How the Water Rocket Pictures Were Made
The same concept is used as in the water balloon pictures,
except I improved the setup this time. Instead of using an
old fashioned movie projector as the source for a light beam,
I used an infra-red LED focused through some binoculars creating an
invisible beam of infra-red light passing across the table
to the sensor on the other side. This way the beam of light
wouldn't show up in the picture.
It was rather difficult to focus the beam of infra-red light
on the sensor at the other side of the table because we
couldn't see it. We had to rely on a meter measuring the
strength of the received beam and move the binoculars around
until we arrived at the maximum level.
The electronics for this setup were fancier as it allowed
for an adjustable delay between the time the beam is
broken and the camera flash is triggered.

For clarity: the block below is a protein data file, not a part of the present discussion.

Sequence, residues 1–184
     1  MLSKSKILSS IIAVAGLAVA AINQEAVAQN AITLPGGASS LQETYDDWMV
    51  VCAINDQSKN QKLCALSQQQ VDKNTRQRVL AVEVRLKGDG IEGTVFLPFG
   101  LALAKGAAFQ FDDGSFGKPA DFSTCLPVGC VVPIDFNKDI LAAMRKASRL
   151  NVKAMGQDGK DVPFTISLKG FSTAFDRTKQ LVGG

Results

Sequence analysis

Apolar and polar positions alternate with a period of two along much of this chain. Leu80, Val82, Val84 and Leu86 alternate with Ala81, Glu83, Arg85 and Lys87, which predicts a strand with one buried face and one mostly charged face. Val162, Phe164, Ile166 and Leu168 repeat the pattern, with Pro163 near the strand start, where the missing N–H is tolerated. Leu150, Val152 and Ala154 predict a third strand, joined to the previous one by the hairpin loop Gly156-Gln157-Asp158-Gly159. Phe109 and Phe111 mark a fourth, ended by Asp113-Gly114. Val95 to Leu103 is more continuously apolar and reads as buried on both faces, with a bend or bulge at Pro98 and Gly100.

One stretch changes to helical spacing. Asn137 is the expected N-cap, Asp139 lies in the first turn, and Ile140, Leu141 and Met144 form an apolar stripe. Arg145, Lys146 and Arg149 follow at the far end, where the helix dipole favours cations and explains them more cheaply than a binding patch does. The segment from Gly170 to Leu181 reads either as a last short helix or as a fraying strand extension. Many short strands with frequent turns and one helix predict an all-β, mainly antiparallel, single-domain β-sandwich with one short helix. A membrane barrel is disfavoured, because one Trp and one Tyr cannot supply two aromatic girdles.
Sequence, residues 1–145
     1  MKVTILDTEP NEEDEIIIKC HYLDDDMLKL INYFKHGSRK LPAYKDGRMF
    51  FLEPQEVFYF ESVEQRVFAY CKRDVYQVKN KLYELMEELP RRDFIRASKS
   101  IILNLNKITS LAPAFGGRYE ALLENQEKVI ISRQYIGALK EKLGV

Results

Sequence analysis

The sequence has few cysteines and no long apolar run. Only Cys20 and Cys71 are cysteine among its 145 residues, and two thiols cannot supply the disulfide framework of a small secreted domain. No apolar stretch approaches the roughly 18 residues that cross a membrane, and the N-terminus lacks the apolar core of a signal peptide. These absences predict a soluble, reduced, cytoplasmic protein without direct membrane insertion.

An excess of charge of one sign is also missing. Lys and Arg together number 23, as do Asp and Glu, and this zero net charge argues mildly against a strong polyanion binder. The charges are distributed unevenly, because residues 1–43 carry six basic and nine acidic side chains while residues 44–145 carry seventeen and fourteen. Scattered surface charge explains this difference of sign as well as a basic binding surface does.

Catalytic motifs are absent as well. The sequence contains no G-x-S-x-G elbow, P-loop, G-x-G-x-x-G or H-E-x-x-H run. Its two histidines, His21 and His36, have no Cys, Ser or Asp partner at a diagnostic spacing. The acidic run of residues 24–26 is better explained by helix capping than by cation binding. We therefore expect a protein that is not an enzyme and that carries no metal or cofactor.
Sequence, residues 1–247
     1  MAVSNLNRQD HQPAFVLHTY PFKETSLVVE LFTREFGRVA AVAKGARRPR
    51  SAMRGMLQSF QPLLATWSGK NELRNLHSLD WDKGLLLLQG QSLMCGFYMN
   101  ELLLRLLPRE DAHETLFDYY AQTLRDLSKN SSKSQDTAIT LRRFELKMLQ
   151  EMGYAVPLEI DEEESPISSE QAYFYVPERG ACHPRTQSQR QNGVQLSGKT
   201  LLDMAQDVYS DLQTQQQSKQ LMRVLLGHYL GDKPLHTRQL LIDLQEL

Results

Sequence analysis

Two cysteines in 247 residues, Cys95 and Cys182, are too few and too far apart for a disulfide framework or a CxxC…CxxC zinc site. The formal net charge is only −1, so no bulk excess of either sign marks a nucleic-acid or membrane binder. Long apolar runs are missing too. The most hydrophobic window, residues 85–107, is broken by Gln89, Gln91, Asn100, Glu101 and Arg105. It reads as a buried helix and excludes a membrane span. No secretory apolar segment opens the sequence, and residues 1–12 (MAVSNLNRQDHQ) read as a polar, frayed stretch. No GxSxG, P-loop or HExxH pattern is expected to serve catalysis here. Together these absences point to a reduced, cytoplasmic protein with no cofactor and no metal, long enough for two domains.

There were some extra difficulties when taking these
shots. First of all since we couldn't see the
infra-red beam of light going across the table
I wasn't sure exactly where to position the
rocket so it would pass through the infra-read
beam when launched. Finding the beam took some
time, again looking at the meter measuring the
strength of the received beam to tell us when
the beam was broken.
Another problem was launching the rocket itself.
The rocket typically travels upwards about 40
feet in a second with great force. Our garage ceiling
is only about 12 feet high, so a rocket catcher
device had to be built and attached to the
ceiling to catch the rocket after it was launched.